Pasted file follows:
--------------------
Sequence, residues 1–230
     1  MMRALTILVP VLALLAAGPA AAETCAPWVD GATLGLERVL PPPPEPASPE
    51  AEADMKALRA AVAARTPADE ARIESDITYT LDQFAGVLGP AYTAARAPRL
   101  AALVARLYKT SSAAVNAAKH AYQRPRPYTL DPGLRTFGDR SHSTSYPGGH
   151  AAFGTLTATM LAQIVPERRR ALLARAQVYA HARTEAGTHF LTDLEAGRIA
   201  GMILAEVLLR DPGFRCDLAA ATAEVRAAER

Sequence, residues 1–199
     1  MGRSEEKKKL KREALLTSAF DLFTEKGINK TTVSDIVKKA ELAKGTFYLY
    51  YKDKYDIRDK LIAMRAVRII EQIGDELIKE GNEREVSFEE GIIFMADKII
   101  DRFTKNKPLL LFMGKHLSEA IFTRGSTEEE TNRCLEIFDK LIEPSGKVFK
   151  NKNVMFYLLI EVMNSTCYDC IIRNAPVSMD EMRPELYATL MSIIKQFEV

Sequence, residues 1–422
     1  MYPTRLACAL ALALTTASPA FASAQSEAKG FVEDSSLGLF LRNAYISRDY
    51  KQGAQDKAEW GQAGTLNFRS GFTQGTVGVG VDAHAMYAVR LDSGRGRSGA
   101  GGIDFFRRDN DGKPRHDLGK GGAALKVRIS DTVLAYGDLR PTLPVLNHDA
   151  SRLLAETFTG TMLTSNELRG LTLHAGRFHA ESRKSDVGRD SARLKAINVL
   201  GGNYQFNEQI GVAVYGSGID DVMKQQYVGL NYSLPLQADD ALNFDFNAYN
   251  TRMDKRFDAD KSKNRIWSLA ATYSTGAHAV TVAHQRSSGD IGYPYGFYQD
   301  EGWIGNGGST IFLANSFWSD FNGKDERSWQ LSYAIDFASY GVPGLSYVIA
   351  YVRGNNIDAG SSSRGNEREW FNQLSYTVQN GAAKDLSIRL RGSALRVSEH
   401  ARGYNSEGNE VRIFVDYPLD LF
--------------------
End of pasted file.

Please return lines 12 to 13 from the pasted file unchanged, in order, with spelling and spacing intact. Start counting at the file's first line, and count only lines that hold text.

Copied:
Sequence, residues 1–422
     1  MYPTRLACAL ALALTTASPA FASAQSEAKG FVEDSSLGLF LRNAYISRDY